Banksy: Excavated Happy Choppers Mural Could Fetch £700k 

Banksy, Holywell Row Happy Helicopters. Image courtesy of Anderson & Garland.

A well-documented Banksy mural painted in 2006 is to be auctioned in Newcastle. The highly anticipated reboot is seen as an event by many street art fans and nothing short of a second coming. The artwork is to go under the hammer at Anderson & Garland Auctioneers. Titled “Happy Choppers,” the artwork offers an exclusive opportunity for Banksy enthusiasts to see a piece of urban art history. However, putting a price on an extracted Banksy mural is questionable as neither the artist nor Pest Control the artist’s authentication board will validate the artwork.

The artwork, characterised by its Apocalypse Now-style Apache helicopters—a recurring motif in Banksy’s body of work—holds a significant place in the artist’s oeuvre. Painted in early 2006 on a wall in London’s vibrant Shoreditch area, “Happy Choppers” quickly became a celebrated emblem of Banksy’s provocative and thought-provoking style. However, its fate took an unexpected turn when security concerns prompted the building’s owner to cover the artwork with layers of black paint, shrouding it in obscurity.

“Happy Choppers” journey took a fortunate turn when the current owner became aware of a book chronicling Banksy’s artworks. The businessman stumbled upon a familiar sight—an unmistakable image captured within the pages. Realisation dawned that the obscured masterpiece resided within the walls of their property, sparking a quest to uncover and preserve the concealed treasure.

The task of salvaging and restoring the artwork posed unprecedented challenges, given its unconventional medium and the intricacies of its execution. Rendered on a wall with layers of spray paint, the mural’s removal required delicate precision and meticulous planning to ensure its preservation. The restoration effort, undertaken by Fine Art Restoration Company specialists, spanned over a year and involved the careful extraction of the artwork in sections, navigating the inherent fragility of its composition.

The restored “Happy Choppers” emerged from this meticulous process as a testament to perseverance and dedication, bearing the hallmark of Banksy’s ingenuity and artistic vision. Featuring three striking Apache helicopters adorned with pink bows, the artwork encapsulates Banksy’s signature blend of irony, humour, and social commentary, inviting viewers to engage with its provocative imagery.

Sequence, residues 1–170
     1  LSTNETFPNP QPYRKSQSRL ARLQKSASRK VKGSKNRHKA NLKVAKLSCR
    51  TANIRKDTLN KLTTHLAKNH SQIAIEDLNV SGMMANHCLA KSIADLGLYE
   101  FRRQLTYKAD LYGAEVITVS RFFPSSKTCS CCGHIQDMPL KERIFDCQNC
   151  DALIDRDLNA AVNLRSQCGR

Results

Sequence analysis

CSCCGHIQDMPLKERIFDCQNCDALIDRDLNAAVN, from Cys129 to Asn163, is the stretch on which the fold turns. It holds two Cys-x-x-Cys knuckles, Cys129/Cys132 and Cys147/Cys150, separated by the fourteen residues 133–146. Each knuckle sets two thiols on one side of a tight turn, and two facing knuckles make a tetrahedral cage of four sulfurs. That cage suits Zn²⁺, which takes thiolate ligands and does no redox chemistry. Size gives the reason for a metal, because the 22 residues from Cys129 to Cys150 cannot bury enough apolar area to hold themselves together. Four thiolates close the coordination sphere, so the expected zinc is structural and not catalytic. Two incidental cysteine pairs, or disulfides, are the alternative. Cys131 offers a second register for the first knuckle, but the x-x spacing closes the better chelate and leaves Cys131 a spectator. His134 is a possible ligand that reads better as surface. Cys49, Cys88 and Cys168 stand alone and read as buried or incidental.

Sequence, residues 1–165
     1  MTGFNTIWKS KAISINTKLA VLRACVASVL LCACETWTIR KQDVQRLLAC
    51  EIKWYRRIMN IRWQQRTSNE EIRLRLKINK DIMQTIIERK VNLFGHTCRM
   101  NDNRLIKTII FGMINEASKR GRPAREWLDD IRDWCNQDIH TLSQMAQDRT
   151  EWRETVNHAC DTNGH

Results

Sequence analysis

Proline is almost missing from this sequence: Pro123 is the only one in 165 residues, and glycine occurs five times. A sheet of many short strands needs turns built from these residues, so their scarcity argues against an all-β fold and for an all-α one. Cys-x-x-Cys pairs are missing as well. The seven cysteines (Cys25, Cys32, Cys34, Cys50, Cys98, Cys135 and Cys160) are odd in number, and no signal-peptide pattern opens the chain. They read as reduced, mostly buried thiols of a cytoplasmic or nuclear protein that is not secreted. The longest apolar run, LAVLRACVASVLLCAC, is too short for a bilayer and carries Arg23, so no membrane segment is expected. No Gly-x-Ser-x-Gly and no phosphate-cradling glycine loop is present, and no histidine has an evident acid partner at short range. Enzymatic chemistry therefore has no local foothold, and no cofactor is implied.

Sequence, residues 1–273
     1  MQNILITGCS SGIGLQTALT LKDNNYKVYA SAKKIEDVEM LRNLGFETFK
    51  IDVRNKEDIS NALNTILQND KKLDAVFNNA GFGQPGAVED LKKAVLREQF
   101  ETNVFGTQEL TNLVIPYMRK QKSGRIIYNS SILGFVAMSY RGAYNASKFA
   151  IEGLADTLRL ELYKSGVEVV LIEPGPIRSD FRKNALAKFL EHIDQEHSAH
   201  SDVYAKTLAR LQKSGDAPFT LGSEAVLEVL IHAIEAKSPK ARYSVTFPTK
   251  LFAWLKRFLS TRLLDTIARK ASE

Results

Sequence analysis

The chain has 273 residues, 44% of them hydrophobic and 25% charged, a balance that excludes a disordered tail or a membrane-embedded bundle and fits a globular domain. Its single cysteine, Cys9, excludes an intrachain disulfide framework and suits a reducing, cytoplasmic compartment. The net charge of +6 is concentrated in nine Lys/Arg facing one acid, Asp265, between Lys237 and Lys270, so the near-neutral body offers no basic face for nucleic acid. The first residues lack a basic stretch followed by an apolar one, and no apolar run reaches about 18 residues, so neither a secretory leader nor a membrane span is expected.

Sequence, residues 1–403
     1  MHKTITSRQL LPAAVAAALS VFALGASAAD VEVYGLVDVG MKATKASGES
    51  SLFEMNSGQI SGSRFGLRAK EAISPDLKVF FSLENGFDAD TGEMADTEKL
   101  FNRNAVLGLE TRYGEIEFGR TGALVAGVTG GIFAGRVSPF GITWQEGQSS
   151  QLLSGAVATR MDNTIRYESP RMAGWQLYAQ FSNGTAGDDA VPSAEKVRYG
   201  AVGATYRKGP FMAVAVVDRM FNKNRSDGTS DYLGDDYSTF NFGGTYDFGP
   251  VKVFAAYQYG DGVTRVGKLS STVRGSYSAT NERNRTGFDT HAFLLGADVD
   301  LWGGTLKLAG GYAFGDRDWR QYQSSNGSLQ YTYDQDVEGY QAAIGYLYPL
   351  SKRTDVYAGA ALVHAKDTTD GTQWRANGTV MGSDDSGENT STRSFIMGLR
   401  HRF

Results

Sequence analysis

The unveiling of “Happy Choppers” at Anderson & Garland’s Spring Country House & Fine Interiors Auction marks a momentous occasion for street art enthusiasts and collectors alike. The auction house, renowned for its track record of facilitating sales of Banksy originals, anticipates a flurry of global interest in the highly coveted artwork.

Fred Wyrley-Birch, Director of Anderson & Garland, expressed enthusiasm for presenting another original Banksy piece to the discerning art market, citing the institution’s commitment to showcasing exceptional artworks of cultural significance. With expectations running high, the auction promises to attract art connoisseurs and institutions worldwide who are eager to acquire a piece of Banksy’s storied legacy.

Ahead of the auction on March 20, Anderson & Garland will host three viewing days in March, offering prospective bidders an opportunity to admire “Happy Choppers” up close and appreciate its intricate details. The event represents a convergence of art, history, and cultural significance, underscoring Banksy’s enduring impact on the contemporary art landscape.

Top Photo: Banksy, Holywell Row Happy Helicopters. Image courtesy of Anderson & Garland.

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